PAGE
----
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What is sinus arrest?

The electrical activation of the heart usually originates in the sinus node or sinoatrial node (SA), which is the predominant pacemaker. Another auxiliary pacemaker such as the atrioventricular node (AV), the specialized system of conduction and muscle initiate electrical activation in case of dysfunction or suppression of the sinus node. Auxiliary pacemakers typically discharge at a slower rate and when there is no adequate increase in stroke volume, they can cause tissue hypoperfusion.

The spontaneous activation and contraction of the heart are generated by the specialized tissue found in these anatomical sites. The action potentials of the heart are heterogeneous in different regions. In cells isolated from tissue of the sinus node are different from those recorded in atrial and ventricular myocytes. Cells in the sinus node have a faster depolarization and therefore are the dominant pacemakers in a healthy heart.

Although there are currently no established cutoff values, pauses of 3 seconds or more are infrequent and justify the implantation of a pacemaker in symptomatic patients.

Bradycardia results from a failure in the generation or conduction of the electrical impulse. The failure in the generation of the impulse can be the consequence of an automatism attenuated by the delay or deficiency of diastolic depolarization, which is caused by diseases such as the sinus node dysfunction or by drugs (quinine, reserpine, etc). The autonomic nervous system modulates the speed of diastolic depolarization and, consequently, the frequency of discharge of the primary (sinus node) and auxiliary pacemakers. The failure to drive an impulse from the node tissue to the atrial or ventricular myocardium causes bradycardia due to blockage at the exit.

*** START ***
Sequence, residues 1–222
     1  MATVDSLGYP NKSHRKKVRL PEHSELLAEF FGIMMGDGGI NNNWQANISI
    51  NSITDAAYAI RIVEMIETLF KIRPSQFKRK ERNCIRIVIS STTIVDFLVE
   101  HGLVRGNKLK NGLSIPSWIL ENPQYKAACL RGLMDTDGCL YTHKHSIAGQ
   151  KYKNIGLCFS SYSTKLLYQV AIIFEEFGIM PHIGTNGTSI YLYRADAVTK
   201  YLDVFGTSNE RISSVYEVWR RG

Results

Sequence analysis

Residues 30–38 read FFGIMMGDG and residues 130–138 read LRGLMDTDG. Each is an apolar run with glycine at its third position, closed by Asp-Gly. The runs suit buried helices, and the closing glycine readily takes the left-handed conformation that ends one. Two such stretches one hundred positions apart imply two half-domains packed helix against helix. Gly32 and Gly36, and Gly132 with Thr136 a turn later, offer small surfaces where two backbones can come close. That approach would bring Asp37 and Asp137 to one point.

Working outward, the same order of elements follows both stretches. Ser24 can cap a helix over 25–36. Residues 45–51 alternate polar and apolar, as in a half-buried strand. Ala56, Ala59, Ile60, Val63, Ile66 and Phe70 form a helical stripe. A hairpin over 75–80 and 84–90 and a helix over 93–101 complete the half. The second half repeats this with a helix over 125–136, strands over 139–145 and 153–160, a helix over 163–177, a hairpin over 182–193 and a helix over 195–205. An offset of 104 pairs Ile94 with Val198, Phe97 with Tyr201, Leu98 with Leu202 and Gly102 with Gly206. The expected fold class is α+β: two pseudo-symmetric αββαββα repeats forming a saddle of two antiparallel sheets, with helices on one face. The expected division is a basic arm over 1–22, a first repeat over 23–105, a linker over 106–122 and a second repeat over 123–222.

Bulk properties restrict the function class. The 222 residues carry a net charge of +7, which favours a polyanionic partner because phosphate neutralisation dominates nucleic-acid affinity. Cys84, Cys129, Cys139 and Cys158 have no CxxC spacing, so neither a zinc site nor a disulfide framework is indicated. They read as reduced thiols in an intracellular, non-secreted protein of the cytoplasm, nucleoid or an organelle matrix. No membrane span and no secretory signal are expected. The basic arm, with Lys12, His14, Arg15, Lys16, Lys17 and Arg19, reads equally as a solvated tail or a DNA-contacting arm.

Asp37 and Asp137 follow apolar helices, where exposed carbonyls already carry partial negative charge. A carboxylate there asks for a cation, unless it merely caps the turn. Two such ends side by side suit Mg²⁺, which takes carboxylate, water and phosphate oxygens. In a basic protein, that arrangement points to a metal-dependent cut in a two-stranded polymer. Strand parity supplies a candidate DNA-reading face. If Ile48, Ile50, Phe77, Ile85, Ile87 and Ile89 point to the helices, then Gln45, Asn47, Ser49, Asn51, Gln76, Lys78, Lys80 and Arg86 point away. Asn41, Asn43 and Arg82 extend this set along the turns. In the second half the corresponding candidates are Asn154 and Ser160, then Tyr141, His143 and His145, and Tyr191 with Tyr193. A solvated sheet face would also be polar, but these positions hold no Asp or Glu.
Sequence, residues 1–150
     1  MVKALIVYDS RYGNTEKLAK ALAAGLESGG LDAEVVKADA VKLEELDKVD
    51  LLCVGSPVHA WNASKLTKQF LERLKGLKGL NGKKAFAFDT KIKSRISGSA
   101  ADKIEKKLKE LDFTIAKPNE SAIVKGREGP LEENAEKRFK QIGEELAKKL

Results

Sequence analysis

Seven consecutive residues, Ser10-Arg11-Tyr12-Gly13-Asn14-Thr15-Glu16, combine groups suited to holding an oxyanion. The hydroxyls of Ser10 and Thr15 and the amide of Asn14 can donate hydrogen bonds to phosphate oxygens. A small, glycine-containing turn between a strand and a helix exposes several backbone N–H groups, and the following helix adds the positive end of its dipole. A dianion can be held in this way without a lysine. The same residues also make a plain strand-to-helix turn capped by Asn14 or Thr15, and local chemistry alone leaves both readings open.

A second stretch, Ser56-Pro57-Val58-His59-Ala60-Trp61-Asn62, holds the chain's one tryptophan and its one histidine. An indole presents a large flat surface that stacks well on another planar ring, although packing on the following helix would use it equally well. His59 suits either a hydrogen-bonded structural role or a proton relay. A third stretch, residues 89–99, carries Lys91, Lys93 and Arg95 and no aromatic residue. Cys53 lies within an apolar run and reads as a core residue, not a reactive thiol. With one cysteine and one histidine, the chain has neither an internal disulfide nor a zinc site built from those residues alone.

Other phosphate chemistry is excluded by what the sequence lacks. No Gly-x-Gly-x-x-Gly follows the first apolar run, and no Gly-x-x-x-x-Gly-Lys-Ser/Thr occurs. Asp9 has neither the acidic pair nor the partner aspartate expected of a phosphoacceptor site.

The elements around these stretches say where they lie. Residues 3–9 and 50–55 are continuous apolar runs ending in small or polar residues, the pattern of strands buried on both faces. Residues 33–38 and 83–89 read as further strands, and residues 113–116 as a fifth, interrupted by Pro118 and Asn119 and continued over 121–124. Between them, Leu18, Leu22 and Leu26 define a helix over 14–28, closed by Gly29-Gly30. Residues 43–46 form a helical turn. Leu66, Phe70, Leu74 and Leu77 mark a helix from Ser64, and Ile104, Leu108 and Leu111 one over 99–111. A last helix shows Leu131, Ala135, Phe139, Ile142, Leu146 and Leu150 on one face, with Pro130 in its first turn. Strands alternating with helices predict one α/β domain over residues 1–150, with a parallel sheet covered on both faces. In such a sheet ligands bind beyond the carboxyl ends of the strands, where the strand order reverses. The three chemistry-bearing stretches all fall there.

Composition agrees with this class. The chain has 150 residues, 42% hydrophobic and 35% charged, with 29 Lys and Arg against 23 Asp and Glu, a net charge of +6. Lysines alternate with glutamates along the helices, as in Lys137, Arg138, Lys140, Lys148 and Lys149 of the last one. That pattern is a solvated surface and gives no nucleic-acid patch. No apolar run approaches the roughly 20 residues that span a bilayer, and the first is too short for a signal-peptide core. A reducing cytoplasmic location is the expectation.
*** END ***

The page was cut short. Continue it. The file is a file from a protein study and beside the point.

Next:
Sinus arrest

Sinus arrest implies a failure of atrial activation. It may be due to a problem of generation of the impulse in the sinus node or a failure of conduction of the impulse to the atrium, usually there is a pause in the conduction of the nervous stimulus of several seconds, followed by the resumption of a regular rhythm or the appearance of a nodal or idioventricular escape rhythm. It appears frequently in normal individuals during deep sleep; but when it is frequent and associated with escape rhythms it can also indicate the existence of a fibrotic sinus node or that it works in an inadequate way, a syndrome of the diseased node or a medication effect (digoxin, quinidine intoxication, or beta-blockers). Sinus arrest may be asymptomatic or be associated with a recurrent sensation of dizziness or syncope, and the resumption of cardiac impulses may be perceived by the patient in the form of palpitations.

The electrocardiogram shows: absence of P-QRS. The P-P interval that delimits the pause is not equivalent to a multiple of the base P-P interval and is shorter than normal cardiac cycles; it usually ends with a sinus rhythm.

Although there are currently no established cutoff values, pauses of 3 seconds or more are infrequent and justify the implantation of a pacemaker in symptomatic patients. However, it does not appear that pauses of 3 seconds or more predict higher mortality, as indicated by more recent studies. The immediate treatment of a complete sinus arrest is the intravenous administration of atropine or isoproterenol until definitive care can be provided.




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